Monologue Marketing

You have seen the late night talk shows. Jay Leno, David Letterman and others who come center stage in front of their audience and deliver their routine. Their timing and comic mastery make the monologue a thing of beauty. The host does all the speaking and the audience does all the listening. The monologue is based on one sender of the message and everyone else being the recipients. That is the way mass media advertising also works. When an advertised message is as appealing as a your favorite comedian’s routine, then the odds are good that the message is going to get through all the clutter. Advertisers today have to worry about all of the clutter that exists from so many other advertised messages that are all competing for the consumers attention. Just a few decades ago an advertiser could reach well over ninety per cent of the entire television viewing audience of the United States simply by advertising on three national television networks. Today, there are hundreds of TV channels and many other media all competing for the American audience.


One of the big changes has been the move from communicating as a monologue to creating a dialogue. This blog is an example of creating a dialogue. Anyone reading this message has the opportunity to post a response to this posting (and I encourage you to do so). As consumers, we all have developed a preference for media that allow us to provide feedback. The top TV show in America is currently American Idol. The viewing public may use their cell phones to dial in their votes for the winner. More and more consumers want to have a say in how products and services are presented and delivered to them and marketers are finding that creating dialogues provides them with the information they need to best to serve their customers.


In the 1990’s it became in vogue to send out customer satisfaction surveys and ask customers “how are we doing?” Today, many companies routinely send surveys to interested audiences. JCK uses surveys to identify new trends affecting the jewelry industry. Getting feedback from your targeted audiences is extremely important for any business or organization that wants to continue to be relevant with their offerings to customers. At the same time, many consumers seem to be struggling with the hyper-saturation of media in their lives.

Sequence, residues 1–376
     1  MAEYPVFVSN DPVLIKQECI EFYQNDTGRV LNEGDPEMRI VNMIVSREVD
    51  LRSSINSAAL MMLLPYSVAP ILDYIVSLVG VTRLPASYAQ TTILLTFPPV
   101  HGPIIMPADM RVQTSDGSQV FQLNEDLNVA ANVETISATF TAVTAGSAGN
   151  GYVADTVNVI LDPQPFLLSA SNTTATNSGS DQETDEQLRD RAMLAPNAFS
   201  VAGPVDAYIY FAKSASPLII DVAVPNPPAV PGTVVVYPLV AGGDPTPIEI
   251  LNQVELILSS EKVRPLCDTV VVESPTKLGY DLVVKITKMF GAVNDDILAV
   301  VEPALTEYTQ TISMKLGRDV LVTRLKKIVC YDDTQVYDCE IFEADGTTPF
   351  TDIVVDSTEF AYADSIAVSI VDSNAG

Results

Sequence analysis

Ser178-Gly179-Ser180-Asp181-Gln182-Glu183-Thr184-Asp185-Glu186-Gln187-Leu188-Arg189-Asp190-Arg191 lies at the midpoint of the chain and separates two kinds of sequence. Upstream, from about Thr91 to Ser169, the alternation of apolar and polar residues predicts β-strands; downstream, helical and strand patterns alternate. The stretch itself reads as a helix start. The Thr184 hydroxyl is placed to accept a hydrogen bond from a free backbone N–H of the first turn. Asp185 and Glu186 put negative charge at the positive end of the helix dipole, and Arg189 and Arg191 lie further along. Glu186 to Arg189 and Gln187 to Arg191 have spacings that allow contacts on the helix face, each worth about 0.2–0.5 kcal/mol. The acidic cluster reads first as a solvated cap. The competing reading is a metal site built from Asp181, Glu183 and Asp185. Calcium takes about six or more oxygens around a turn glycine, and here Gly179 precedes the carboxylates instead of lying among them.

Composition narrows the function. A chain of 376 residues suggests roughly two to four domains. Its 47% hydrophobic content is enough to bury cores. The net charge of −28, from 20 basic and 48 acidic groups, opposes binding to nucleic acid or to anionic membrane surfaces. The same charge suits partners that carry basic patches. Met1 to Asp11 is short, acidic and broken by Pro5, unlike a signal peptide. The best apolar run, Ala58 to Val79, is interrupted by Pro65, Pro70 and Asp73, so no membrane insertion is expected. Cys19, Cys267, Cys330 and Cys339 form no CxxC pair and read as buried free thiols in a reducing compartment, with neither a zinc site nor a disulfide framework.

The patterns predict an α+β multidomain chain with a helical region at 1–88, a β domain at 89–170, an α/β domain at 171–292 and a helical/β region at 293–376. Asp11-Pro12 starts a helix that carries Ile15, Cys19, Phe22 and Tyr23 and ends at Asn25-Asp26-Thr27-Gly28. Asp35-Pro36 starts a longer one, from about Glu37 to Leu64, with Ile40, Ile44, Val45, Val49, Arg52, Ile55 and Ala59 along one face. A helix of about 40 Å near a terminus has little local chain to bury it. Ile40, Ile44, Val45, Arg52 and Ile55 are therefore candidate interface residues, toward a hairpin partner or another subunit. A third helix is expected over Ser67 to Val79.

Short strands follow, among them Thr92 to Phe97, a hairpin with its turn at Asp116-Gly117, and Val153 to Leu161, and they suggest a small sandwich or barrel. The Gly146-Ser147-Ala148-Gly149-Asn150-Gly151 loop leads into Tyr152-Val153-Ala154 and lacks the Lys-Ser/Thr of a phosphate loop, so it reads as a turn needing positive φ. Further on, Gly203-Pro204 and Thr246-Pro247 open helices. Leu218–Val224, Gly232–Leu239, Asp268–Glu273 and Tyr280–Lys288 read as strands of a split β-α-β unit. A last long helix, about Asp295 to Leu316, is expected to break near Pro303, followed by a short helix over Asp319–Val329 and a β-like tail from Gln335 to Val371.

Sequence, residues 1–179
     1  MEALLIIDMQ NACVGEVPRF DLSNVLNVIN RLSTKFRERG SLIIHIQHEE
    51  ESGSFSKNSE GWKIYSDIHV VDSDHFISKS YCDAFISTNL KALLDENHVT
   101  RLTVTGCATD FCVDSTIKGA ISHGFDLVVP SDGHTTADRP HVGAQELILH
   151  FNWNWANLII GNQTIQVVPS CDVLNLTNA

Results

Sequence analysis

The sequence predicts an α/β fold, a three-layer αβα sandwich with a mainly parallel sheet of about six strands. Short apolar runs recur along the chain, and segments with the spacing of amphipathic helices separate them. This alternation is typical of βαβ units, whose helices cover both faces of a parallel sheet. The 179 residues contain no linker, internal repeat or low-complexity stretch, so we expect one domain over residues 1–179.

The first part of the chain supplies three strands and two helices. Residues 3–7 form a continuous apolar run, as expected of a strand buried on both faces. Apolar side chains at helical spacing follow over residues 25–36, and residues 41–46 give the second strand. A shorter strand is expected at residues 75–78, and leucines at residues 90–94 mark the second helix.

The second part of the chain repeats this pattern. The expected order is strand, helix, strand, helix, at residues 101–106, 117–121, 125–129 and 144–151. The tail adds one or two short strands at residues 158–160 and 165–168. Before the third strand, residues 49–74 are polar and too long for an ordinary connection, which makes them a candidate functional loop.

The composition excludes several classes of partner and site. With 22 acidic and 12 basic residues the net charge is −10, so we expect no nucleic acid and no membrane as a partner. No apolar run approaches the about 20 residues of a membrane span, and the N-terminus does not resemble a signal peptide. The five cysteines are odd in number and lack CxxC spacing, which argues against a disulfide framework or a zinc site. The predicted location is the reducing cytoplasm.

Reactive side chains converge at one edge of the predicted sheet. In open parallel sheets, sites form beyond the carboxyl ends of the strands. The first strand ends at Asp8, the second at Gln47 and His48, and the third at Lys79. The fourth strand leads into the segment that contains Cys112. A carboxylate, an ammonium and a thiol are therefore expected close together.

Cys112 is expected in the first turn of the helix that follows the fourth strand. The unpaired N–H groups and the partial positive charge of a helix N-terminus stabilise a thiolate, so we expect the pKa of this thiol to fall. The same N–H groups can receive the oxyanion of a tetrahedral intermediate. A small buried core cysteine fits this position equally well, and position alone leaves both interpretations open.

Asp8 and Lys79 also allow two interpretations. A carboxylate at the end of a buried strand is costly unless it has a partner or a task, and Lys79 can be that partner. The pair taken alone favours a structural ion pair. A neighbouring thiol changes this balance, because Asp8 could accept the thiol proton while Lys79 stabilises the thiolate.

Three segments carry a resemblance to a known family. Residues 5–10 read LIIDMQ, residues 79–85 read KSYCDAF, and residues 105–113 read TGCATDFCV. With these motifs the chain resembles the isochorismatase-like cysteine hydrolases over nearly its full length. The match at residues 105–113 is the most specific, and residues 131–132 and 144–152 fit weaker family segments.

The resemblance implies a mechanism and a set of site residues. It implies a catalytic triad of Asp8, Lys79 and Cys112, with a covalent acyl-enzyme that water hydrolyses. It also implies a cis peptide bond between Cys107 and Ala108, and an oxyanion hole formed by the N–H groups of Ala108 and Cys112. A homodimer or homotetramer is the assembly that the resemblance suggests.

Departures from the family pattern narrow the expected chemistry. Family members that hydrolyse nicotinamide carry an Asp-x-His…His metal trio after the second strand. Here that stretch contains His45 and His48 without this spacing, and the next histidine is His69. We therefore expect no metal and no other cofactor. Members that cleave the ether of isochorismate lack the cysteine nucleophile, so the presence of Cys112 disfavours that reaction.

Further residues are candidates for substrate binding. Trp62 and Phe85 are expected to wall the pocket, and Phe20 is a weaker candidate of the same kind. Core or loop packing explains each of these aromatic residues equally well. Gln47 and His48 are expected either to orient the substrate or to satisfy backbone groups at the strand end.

So how do you decide what media is the best means to communicate with your selected audiences? Today, it is imperative to understand the intended audiences’ media consumption habits. I know people who get their news from the internet and not from TV, radio or the newspaper as many others have for decades. I don’t mean to discount the reliance that many in the jewelry industry still have for TV, radio and newspapers for promotional purposes. But when you think about replacing the monologue approach to marketing by creating a dialogue with your customers what media do you use? The monologue marketing approach is still alive and well when it comes to TV, radio, newspapers, magazines, billboards, transit advertising, and even signage. However, if you wanted to expand your use of dialogue marketing and create more interaction with your various audiences would you use the internet, opt-in email, social networking (MySpace, YouTube, Twitter, etc.), blogging or other new forms of media? Tell us what you do to create more interactivity with customers? How have you replaced some of your Monologue Marketing with new Dialogue Marketing?


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